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W97-KITTLESON: The genetics of feline hypertrophic cardiomyopathy, Continuation Study

Hypertrophic cardiomyopathy (HCM) is a primary non-curable disease of the heart muscle characterized by thickening of the left ventricular walls. Hypertrophic cardiomyopathy in human beings is frequently caused by an inherited defect in the gene of a cardiac contractile protein. Clinically, feline HCM is very similar to HCM in humans. The disease may result in heart failure and sudden death. The best hope for future cats is that the genetic cause of the disease can be found so that potential breeding cats with the disease can be identified and eliminated from breeding programs.

The investigators have identified families of domestic cats with HCM. The characteristics of the disease in these cats are very similar to those in humans with genetic HCM. These findings support the hypothesis that feline HCM is inherited and may be caused by mutations in contractile protein genes. The investigators have already screened 75% of these genes and have not identified any abnormalities. The remaining 25% of the genes will be evaluated. DNA will be extracted from the blood of affected and normal cats. The DNA sequence of the genes from normal cats and from the affected cats will be compared to detect any abnormalities that are specific to the affected cats. Subsequently, genetics tests will be formulated to easily and rapidly detect these mutations. (Continuation of a grant awarded in 1995)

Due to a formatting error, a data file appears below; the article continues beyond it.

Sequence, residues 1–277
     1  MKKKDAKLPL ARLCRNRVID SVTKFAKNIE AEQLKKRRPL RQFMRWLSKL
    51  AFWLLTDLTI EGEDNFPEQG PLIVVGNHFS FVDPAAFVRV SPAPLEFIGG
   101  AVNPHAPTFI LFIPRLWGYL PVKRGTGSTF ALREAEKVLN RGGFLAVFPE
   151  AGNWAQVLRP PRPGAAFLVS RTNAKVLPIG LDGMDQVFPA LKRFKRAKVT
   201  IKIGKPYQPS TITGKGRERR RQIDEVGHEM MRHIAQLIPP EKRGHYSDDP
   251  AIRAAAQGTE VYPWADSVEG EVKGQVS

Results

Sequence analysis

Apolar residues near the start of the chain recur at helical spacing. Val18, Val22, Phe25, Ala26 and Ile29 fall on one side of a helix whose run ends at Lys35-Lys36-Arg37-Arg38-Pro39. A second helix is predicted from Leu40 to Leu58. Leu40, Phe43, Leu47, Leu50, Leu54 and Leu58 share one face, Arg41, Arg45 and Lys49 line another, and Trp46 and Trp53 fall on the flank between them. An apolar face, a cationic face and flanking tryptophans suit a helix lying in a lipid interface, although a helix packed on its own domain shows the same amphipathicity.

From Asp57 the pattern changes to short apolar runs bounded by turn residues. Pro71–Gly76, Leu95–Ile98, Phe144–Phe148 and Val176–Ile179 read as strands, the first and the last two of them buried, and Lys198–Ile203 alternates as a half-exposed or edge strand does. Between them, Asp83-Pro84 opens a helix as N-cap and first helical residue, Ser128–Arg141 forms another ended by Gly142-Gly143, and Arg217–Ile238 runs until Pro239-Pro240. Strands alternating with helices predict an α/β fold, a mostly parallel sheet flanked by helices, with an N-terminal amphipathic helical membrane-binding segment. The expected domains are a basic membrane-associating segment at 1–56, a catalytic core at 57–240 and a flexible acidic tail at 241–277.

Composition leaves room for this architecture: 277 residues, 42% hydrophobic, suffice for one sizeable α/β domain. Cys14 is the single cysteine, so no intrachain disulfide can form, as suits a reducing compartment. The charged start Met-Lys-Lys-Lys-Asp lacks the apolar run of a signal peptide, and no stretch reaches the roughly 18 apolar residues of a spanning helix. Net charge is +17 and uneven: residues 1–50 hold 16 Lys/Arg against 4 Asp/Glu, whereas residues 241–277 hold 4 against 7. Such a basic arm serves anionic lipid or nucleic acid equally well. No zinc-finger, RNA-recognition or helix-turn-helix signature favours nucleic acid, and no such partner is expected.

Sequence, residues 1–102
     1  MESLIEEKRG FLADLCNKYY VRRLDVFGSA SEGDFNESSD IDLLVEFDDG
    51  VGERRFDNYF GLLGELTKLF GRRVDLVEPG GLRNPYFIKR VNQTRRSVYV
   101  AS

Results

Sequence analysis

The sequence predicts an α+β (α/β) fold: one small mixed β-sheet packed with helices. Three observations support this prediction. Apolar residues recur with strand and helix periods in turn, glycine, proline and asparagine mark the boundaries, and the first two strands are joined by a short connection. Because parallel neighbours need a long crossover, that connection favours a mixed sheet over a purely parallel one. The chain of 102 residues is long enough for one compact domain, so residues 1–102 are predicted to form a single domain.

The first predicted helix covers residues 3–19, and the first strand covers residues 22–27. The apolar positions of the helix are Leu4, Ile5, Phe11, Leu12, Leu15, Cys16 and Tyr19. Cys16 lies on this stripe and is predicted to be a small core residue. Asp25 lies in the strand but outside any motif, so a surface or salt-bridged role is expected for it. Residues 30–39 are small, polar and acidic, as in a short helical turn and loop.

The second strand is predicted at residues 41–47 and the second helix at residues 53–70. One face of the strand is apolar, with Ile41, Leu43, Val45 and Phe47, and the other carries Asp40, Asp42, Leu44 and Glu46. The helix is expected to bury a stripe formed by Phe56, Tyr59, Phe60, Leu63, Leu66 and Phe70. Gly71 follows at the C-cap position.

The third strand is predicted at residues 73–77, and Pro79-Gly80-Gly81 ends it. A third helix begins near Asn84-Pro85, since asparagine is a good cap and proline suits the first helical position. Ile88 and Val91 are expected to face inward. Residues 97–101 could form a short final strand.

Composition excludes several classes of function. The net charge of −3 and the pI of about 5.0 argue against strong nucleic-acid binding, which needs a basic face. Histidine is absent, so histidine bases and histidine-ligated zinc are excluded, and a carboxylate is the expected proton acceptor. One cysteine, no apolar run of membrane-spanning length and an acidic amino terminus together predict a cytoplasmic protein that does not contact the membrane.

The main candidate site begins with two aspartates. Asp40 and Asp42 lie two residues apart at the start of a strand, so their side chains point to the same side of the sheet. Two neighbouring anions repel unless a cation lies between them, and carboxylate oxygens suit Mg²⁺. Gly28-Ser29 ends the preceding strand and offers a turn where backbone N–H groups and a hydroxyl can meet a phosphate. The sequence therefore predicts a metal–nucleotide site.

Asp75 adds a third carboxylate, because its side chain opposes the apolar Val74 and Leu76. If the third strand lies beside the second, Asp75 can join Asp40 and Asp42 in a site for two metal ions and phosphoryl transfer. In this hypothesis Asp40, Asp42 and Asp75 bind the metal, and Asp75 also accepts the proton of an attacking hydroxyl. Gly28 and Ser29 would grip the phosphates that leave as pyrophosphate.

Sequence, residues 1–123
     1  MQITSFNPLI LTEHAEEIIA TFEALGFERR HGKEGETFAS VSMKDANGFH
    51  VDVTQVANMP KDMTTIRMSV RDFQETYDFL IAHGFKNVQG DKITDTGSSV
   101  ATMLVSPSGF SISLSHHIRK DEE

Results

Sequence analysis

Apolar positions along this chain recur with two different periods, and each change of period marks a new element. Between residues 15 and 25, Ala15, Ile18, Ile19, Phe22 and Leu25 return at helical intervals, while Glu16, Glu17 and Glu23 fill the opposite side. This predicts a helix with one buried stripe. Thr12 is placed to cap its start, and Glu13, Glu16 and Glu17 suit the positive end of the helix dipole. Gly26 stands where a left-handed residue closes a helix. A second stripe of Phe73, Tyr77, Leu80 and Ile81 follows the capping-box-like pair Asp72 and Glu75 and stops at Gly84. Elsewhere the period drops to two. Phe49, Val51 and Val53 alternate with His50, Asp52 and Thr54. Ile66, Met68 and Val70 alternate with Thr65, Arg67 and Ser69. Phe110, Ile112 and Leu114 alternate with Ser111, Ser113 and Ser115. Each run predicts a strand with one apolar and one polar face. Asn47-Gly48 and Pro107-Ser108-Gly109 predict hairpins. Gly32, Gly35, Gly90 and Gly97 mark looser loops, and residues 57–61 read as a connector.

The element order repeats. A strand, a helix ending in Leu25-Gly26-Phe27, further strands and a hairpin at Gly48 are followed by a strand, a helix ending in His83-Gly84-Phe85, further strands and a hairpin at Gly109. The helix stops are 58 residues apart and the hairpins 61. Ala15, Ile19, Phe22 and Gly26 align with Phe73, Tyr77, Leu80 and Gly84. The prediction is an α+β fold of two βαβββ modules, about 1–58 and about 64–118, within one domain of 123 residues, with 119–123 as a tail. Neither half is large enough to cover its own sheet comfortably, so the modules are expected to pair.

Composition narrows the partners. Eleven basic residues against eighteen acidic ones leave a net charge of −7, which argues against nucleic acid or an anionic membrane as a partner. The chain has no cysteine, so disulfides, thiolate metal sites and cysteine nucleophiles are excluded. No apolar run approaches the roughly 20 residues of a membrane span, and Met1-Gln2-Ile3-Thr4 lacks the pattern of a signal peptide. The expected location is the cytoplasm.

Grant ID: W97-KITTLESON

Status: Active

Year Funded: 1997

Amount awarded: $14,843

Investigator: M.D. Kittleson, DVM, PhD, DACVIM; K.M. Meurs, DVM, DACVIM; University of California, Davis